Since Hegel, the idea of the end of art has become a staple of aesthetic theory. Will postart be the end of art?
The concept of “postart” was developed by the happening artist Allan Kaprow, based on his idea that life is much more interesting than art, at the expense of art. Postart is not a point of no return and in fact there are many fine artists who continue to make important art. But it was perhaps inevitable that “postart” would be attacked as non-elitist (aristocratic). Marcel Duchamp called it “intellectual expression” over “animal expression”. This can be seen in art with the split between minimal-conceptual art and expressionism.
In his book The End of Art, Donald Kuspit promotes the idea that fear and ignorance of the unconscious have created a climate of creative superficiality in which artists are unwilling to break trhough the surface of their minds to the uncomfortable waters that lie beneath. Militarism and materialism, authoritarianism and capitalism, are more devastating than anything in the unconscious, even though they have roots in unconscious.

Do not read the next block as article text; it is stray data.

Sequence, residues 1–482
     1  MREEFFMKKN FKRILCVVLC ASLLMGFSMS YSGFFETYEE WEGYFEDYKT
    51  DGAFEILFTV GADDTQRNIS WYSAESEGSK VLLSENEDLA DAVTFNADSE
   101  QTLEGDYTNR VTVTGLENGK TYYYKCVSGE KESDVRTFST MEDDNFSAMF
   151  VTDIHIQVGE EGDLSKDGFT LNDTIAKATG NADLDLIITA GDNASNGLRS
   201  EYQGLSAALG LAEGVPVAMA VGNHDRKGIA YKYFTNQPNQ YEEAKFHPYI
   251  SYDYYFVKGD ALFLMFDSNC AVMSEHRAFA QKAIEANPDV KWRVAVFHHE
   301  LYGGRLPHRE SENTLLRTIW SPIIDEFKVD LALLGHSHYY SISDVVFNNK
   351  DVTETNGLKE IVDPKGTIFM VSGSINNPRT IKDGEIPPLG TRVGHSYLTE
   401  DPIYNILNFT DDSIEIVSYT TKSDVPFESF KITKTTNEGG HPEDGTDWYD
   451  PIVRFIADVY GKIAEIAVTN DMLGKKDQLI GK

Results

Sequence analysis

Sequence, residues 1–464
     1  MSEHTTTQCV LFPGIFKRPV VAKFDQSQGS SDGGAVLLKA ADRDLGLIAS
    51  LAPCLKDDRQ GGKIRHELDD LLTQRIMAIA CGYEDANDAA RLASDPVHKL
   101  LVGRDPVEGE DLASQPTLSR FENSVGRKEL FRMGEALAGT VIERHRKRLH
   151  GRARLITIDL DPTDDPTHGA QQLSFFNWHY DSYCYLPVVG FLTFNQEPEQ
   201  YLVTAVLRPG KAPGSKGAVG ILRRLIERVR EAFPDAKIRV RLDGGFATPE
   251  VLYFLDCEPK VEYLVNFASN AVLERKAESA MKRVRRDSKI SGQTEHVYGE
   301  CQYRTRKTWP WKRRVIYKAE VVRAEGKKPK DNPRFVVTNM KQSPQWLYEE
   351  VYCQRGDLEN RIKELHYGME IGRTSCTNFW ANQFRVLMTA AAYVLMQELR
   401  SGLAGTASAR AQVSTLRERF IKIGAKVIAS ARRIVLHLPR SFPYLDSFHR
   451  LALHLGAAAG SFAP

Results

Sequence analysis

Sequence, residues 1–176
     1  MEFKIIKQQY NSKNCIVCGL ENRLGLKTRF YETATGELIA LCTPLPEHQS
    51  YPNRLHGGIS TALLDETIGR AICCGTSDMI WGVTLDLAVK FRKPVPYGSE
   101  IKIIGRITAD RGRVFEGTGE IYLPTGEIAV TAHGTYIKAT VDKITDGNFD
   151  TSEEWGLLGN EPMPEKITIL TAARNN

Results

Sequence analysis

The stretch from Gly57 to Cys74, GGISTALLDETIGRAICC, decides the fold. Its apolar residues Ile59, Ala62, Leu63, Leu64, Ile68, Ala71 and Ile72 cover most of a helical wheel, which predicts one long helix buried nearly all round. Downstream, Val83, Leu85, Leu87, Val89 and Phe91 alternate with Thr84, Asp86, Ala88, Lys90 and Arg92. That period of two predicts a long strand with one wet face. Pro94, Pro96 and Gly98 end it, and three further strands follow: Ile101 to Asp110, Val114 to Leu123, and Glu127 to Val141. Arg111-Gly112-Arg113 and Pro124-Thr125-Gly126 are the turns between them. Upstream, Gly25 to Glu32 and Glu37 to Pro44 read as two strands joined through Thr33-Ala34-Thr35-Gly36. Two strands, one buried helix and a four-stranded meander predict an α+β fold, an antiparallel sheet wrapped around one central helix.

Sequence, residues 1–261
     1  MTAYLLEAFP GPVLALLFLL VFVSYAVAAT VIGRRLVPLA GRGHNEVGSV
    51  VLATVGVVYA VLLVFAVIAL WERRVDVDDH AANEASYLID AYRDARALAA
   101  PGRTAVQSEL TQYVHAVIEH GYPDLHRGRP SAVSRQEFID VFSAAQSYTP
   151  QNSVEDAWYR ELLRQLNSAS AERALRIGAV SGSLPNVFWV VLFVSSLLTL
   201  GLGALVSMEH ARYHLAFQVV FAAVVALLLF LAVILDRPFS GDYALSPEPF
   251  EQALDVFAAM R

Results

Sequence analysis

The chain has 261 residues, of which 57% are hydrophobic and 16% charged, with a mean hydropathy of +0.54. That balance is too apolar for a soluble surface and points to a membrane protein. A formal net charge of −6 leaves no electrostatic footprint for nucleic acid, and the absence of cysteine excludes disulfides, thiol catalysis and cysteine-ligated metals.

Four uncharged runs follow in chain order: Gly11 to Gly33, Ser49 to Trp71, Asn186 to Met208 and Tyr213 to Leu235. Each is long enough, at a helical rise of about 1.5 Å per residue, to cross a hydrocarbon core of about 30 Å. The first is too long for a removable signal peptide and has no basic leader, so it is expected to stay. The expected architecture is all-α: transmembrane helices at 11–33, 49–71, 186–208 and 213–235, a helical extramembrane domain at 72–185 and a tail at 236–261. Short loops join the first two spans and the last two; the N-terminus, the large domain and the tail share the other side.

Artists are scared of the inner truth about themselves, more particularly, about acknowledging psychic conflict and trauma as well as the primary creativity evidenced by fantasy (especially dreams).
Kuspit traces the genealogy of the postart aesthetic from Duchamp through Warhol’s commercialism to Hirst’s installations (and his preoccupation with banal objects and everyday life situations).
Whereas modern art consist of revolutionary experiments motivated by a desire to express aspects of the newly-discovered “unconscious mind,” postart, Kuspit argues, is shallow, unreflective banality motivated by the desire to become institutionalized.
The End of Art will appeal to anyone who has ever felt bamboozled by the productions of the postmodern establishment.